Be still and know
that all is G_d.
Thoughts & Visions




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Thoughts & Visions


  Friday, July 24th, 2015

The End of Solitude

I grew up in the 60s and 70s, the age of television. I was trained to be bored; boredom was cultivated within me like a precious crop. (It has been said that consumer society wants to condition us to feel bored, since boredom creates a market for stimulation.) It took me years to discover—and my nervous system will never fully adjust to this idea; I still have to fight against boredom, am permanently damaged in this respect—that having nothing to do doesn’t have to be a bad thing. The alternative to boredom is what Whitman called idleness: a passive receptivity to the world.

So it is with the current generation’s experience of being alone. That is precisely the recognition implicit in the idea of solitude, which is to loneliness what idleness is to boredom. Loneliness is not the absence of company, it is grief over that absence. The lost sheep is lonely; the shepherd is not lonely. But the Internet is as powerful a machine for the production of loneliness as television is for the manufacture of boredom. If six hours of television a day creates the aptitude for boredom, the inability to sit still, a hundred text messages a day creates the aptitude for loneliness, the inability to be by yourself. Some degree of boredom and loneliness is to be expected, especially among young people, given the way our human environment has been attenuated. But technology amplifies those tendencies. You could call your schoolmates when I was a teenager, but you couldn’t call them 100 times a day. You could get together with your friends when I was in college, but you couldn’t always get together with them when you wanted to, for the simple reason that you couldn’t always find them. If boredom is the great emotion of the TV generation, loneliness is the great emotion of the Web generation. We lost the ability to be still, our capacity for idleness. They have lost the ability to be alone, their capacity for solitude.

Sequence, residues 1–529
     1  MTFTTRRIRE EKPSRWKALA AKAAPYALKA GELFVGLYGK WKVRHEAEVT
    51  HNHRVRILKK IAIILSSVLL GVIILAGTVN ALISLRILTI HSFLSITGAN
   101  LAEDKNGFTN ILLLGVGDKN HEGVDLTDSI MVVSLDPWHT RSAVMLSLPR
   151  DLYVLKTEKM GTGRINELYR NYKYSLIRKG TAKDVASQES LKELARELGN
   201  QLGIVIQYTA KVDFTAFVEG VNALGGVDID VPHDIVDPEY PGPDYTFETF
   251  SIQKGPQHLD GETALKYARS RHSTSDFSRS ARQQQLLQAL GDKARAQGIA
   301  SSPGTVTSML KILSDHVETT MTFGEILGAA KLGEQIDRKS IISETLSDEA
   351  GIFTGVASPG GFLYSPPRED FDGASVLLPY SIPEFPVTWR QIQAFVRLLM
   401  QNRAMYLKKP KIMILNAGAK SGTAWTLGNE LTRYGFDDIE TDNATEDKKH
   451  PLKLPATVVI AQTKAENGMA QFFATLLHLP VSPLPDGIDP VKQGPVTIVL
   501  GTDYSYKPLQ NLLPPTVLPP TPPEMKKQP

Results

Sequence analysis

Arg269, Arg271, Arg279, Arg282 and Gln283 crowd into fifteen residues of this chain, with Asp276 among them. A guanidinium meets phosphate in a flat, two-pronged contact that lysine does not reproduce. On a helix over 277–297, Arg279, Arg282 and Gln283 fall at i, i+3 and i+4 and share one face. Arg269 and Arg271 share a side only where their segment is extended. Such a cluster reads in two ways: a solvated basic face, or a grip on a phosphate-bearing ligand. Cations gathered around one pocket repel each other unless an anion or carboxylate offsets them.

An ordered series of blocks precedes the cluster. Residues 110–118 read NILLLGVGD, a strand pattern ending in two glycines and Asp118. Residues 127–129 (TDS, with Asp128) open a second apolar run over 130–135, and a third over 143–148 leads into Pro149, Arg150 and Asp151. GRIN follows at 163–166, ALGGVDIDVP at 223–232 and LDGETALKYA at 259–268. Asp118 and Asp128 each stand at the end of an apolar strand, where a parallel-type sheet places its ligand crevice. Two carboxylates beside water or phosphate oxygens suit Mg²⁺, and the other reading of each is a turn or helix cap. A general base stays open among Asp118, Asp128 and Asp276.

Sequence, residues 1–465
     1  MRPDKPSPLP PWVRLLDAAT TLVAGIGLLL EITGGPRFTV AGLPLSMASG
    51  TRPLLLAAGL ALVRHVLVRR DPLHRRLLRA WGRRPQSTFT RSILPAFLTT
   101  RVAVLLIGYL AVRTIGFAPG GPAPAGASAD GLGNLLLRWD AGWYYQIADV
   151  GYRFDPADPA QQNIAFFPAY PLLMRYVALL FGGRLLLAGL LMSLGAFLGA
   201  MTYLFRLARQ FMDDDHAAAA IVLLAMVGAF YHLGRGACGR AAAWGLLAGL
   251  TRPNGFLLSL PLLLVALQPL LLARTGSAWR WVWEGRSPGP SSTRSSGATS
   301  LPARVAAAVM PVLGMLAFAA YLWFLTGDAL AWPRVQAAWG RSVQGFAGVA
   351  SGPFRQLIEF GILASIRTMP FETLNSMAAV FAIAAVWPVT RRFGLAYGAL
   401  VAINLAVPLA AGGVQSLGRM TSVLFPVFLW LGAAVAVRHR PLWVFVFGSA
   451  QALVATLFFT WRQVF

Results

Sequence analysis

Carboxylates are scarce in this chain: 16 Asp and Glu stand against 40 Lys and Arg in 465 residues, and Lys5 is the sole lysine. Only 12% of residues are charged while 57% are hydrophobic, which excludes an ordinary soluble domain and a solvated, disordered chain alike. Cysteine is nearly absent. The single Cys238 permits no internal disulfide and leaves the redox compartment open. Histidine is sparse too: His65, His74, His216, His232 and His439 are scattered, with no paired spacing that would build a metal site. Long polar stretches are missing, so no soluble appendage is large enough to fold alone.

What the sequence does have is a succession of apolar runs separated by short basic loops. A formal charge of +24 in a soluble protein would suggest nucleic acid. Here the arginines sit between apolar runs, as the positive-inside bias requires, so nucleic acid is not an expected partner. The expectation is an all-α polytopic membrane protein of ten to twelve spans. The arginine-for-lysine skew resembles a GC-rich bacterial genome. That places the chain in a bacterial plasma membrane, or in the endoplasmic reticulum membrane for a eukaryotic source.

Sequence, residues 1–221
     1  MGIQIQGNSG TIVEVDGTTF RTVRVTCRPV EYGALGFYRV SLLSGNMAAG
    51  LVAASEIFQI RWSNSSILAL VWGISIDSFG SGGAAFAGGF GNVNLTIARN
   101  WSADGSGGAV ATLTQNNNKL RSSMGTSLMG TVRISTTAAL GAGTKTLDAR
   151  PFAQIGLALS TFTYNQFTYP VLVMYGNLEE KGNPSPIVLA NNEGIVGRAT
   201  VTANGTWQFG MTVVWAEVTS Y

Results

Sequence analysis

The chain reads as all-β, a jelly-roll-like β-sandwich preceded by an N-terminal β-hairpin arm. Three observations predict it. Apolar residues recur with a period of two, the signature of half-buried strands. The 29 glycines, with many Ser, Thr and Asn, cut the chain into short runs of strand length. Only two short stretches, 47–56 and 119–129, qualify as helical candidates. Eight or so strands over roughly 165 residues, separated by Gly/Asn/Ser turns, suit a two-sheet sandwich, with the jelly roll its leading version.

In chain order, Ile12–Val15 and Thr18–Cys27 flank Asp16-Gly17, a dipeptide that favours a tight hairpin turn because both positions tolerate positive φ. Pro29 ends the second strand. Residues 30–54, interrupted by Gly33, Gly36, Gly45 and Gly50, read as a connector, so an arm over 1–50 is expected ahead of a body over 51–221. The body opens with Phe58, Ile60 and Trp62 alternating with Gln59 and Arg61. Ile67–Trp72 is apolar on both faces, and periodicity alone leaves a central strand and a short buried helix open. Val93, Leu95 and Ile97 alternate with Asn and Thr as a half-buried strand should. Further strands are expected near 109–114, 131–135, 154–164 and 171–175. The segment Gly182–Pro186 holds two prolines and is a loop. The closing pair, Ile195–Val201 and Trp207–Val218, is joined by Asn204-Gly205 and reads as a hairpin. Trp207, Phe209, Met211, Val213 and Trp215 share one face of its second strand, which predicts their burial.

—William Deresiewicz

  Friday, July 24th, 2015

There is a Way